Shabina Khan, choreographer of Prem Ratan Dhan Payo, speaks with SANGEETA YADAV about the signature step that has become a rage and her experience making Salman Khan & Sonam Kapoor dance
- Was it enriching to choreograph Prem Ratan Dhan Payo?
Amid a known production house, director, actors and music director, I was the only one who was new to the project. So I had to work hard to match up. I worked only on this film for the last year and a half, saying no to around 10 -12 films. I experimented with 25-30 steps before finalising this one for the line ‘Prem Rattan Dhan Payo’.
- This signature step has become quite popular…
It’s a dream come true for me. Seeing people copying the signature step ofPRDP makes takes me back to my childhood days when we used to copy Saroj Khan’s songs like chaney ke khet me, piya ghar aya, ek do teen etc. It’s unbelievable that it has turned out to be such a huge hit.
- Can you lead us through creating this step?
The rattan in the song signifies jewellery so I showcased all the jewellery like the necklace, bangle and nose ring but the main focus was on the maathey ki bindya which, for me, is the best rattan. This song is inspired by Mira Bai’s bhajan payoji maine, ram rattan dhan payo. I thought to connect that zewar to love. In the end, I used Mira Bai’s pose to signify the completely lost in love bit. That’s when the light goes off and Sonam as Maithili stands with both her hands up in the air.
- What kind of research went into choreography?
It was a difficult film to do as the story was very good but the characters not easy. I didn’t want it to look like we were needlessly and suddenly breaking into a dance. So I had to study hard to understand their body language and how they were doing the scenes leading up to the song and dance.
- Who is a quick learner — Sonam or Salman?
Both. Sonam likes to rehearse more. She is very graceful and reminds me of Waheeda Rehman who, I think, is the most graceful dancer till date. Salman is extremely fast in getting the steps and has a unique style. He knows what the audience wants. We used to keep three to four steps ready for him and he used to choose one of them. As a choreographer, I can only show my talent through my actors.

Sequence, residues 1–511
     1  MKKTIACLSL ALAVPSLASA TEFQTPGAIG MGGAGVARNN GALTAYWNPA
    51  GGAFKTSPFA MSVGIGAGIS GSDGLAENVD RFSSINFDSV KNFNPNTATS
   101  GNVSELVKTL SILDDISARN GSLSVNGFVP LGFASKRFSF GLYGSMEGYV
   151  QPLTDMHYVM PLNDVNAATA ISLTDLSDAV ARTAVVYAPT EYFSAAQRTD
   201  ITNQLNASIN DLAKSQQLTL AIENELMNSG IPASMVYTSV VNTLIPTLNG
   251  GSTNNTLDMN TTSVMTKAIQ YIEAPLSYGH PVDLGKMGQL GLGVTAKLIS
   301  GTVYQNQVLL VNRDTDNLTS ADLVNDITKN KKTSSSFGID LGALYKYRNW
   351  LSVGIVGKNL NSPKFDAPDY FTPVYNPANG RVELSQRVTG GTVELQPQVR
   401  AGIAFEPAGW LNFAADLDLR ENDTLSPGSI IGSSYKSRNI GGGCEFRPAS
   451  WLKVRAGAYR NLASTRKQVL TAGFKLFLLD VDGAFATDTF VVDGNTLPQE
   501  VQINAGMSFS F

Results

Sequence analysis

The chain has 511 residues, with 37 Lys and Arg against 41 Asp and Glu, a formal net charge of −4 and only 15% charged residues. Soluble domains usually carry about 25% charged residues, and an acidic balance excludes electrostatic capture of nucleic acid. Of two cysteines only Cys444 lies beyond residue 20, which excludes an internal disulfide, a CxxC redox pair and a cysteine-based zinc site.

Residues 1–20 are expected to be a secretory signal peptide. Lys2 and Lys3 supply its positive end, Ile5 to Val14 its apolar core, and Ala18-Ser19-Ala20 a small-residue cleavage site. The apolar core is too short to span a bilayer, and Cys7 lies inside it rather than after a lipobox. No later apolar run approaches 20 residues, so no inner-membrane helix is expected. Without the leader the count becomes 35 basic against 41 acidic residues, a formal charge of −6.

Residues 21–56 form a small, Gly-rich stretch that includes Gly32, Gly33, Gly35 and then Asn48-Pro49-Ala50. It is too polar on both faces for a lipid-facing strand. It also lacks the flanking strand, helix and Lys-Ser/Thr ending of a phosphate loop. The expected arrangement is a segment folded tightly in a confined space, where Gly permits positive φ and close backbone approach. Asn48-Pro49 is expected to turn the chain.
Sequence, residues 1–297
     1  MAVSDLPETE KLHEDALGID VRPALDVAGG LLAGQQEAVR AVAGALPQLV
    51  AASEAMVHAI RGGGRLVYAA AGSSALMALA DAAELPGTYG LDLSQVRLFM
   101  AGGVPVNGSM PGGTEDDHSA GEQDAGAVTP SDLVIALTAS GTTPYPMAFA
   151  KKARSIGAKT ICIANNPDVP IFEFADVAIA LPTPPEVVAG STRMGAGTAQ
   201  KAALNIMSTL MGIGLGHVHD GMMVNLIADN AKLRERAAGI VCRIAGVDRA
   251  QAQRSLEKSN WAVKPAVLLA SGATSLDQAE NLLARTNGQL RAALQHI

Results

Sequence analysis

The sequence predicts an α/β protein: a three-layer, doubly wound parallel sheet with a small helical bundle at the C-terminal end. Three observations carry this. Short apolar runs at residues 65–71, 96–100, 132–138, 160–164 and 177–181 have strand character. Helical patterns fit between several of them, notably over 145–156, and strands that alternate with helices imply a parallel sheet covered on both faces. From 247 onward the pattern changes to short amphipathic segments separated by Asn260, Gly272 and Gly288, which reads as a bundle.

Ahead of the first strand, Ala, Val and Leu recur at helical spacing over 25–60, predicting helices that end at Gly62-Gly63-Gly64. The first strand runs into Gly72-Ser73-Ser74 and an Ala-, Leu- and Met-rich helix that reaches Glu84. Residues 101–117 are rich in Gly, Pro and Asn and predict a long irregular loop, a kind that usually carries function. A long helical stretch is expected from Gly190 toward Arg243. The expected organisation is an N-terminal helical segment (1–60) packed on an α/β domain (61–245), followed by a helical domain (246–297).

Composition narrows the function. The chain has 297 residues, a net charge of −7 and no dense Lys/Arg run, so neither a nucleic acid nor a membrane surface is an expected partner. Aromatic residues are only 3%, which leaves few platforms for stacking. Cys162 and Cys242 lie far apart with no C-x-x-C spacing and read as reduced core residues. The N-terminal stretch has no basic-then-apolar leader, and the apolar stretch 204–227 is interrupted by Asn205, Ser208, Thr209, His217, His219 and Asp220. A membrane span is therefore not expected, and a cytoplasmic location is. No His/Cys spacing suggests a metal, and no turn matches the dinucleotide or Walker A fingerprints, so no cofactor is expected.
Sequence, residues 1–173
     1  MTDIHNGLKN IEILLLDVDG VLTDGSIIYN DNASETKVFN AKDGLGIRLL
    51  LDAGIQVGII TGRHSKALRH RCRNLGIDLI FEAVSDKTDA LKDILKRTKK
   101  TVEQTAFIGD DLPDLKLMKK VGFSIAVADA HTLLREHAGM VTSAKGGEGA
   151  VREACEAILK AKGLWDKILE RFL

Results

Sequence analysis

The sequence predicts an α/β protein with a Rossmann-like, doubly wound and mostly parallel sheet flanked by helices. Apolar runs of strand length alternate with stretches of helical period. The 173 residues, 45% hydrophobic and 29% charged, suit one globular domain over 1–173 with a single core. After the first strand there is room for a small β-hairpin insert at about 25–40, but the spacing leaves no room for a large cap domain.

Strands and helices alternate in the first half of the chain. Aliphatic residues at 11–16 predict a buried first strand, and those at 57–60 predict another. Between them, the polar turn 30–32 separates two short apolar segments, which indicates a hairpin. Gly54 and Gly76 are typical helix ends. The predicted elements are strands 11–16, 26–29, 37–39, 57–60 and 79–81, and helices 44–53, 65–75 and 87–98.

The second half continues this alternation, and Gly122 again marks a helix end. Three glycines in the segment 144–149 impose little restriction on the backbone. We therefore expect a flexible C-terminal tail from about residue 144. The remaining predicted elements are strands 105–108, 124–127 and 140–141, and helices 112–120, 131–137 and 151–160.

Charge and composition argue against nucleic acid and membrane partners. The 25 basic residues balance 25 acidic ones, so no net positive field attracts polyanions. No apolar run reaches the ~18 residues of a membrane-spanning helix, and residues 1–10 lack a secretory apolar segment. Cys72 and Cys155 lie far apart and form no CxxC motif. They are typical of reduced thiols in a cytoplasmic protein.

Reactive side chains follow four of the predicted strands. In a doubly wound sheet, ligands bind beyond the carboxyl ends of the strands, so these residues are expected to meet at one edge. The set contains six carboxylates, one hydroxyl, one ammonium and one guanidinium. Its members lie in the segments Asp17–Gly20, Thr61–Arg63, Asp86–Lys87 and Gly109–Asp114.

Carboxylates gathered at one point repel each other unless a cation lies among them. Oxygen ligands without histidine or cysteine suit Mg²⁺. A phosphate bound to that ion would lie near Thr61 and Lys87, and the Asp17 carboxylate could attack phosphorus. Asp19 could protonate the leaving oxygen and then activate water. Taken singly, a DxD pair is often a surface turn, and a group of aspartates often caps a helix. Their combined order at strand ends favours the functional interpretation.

- How much time did you take to choreograph the songs?
Every song took a different time-frame. The title song took almost a month to choreograph the steps, rehearse with the actors, co-ordinate with the art director and costume designer. We had about 300 dancers on the shoot, 1000 junior artists and elephants and horses as well. Every shot was given a specific timing to shoot in a particular hue of daylight. A lot of technicality was involved.
- Who has been your inspiration as a choreographer?
I’m a big fan of Saroj Khan and have observed that her steps don’t require camera angle as they are dynamic. You just have to fix the camera and shoot it. To create a step that can become popular and give me an identity, it was important to understand what kind of step it should be, how difficult and easy I should make it so that everyone can do it at the same time.
- A choreographer’s work is appreciated when a song is a hit or because it features a superstar?
Sometimes we do good steps, but the film doesn’t do well maybe because of the music and of not having popular actors on board. Sometime the music is good but the steps are not well done and don’t suit the body language of an actor. The success of a dance sequence lies in having a good combination of music, steps, actors, production house and director.
(The article was published in The Pioneer Newspaper – http://www.dailypioneer.com/sunday-edition/sunday-pioneer/backpack/i-can-show-talent-only-through-actors.html)